Trans-form: The Problem with Architectural Form in Contemporary Culture

By Douglas Jackson.

Published by The Design Collection

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Article: Print $US10.00
Article: Electronic $US5.00

This paper focuses on the problem of architectural form within contemporary digital age culture. Current efforts within the architectural discipline to relate to cultural changes initiated by digital technologies have focused largely on the potential afforded by such technologies to facilitate the generation and evaluation architectural form through multiple iterations. However, these new iterative design processes still result in the development of a singular, perfect formal embodiment that best satisfies the design criteria in question. Meanwhile, the relevance of such a singular formal embodiment is now being challenged by the cultural and technological changes that have resulted from the ascendance of the digital paradigm. Specifically, cultural interests have shifted away from the notion of a singular formal embodiment and toward the ability to reconstitute the same digitized information content into multiple different forms or embodiments. Such interests are widely demonstrated in the increased individual participation in the customization and creation of information content as well as environmental experience made possible by new technologies and social networks.

Consequently, this paper will examine the possibility for an alternative, trans-formable architecture that responds more directly to contemporary culture’s growing interests in formal multiplicity, customization, and individual authorship. It will illustrate this alternative approach to architectural form with a selection of work produced by the author.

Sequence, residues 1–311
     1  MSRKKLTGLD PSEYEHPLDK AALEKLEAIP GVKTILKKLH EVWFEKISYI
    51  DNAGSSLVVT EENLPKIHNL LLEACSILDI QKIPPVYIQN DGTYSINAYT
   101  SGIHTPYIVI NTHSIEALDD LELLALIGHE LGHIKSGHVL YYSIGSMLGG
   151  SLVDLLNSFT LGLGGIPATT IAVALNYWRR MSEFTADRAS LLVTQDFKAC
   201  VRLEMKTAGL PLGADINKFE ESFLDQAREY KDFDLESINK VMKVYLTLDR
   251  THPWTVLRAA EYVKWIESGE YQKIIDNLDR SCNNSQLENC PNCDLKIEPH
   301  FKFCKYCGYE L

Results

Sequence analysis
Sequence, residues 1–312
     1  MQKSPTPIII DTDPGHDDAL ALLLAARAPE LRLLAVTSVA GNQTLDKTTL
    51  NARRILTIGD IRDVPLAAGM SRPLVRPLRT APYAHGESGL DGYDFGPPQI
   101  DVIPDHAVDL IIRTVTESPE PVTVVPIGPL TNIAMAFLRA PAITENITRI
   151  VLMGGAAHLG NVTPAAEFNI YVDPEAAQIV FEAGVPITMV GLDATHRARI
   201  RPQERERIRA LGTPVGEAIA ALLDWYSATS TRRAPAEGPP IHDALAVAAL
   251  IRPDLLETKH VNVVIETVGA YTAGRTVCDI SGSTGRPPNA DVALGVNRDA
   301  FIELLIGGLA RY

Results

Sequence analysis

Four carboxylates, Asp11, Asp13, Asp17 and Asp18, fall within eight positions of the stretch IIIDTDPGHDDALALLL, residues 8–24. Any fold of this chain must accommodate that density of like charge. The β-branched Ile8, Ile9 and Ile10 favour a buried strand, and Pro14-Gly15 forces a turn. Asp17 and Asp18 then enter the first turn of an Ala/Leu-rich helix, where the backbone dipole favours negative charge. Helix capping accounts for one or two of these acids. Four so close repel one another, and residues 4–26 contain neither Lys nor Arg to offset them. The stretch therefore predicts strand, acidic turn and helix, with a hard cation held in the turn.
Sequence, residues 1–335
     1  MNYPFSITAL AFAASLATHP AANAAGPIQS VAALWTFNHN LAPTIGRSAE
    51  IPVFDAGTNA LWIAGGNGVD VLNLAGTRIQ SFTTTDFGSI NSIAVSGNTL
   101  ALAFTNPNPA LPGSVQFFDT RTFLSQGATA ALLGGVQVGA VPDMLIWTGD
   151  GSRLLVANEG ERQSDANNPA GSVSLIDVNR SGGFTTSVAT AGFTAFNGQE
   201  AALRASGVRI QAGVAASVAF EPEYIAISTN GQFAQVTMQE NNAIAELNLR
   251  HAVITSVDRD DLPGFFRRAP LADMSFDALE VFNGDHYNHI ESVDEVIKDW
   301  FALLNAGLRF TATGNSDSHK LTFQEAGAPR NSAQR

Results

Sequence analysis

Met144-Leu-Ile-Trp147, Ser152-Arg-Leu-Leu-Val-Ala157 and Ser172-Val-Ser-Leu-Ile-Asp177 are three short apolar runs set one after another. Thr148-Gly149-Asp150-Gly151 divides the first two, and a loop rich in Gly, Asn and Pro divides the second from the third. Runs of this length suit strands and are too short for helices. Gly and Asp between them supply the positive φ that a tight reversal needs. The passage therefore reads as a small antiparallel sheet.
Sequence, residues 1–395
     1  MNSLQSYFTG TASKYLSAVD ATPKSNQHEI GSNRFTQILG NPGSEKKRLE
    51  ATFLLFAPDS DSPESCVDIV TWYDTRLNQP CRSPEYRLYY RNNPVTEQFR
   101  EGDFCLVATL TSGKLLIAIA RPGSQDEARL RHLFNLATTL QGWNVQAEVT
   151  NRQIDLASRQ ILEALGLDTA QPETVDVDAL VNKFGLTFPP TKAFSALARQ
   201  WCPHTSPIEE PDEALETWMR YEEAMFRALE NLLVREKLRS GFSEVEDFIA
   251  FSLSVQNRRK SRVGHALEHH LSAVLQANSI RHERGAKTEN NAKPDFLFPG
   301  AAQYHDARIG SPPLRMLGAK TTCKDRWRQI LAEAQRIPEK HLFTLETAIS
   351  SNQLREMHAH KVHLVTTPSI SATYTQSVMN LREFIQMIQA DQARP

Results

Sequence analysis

Keywords: Architecture, Digital Architecture, Form, Contemporary Culture, Content Creation

Design Principles and Practices: An International Journal, Volume 5, Issue 1, pp.133-144. Article: Print (Spiral Bound). Article: Electronic (PDF File; 1.000MB).

Douglas Jackson

Assistant Professor, Architecture Department, California Polytechnic State University, San Luis Obispo, CA, USA

Doug Jackson is an architect and an Assistant Professor of Architecture at California Polytechnic State University. His current academic and professional work focuses on the production and theorization of architecture that transforms through user-interaction. He previously served as a design principal along with Wes Jones in the award-winning and internationally-acclaimed office of Jones, Partners: Architecture (J,P:A), whose innovative work was widely exhibited and was featured in numerous national and international publications, including the monographs “Instrumental Form” and “El Segundo,” published by Princeton Architectural Press in 1998 and 2007 respectively. In addition, Doug has maintained an independent design practice whose work continues to be published and exhibited both nationally and internationally. He received his BArch from Virginia Tech (1993) and his MArch from Princeton University (2000).


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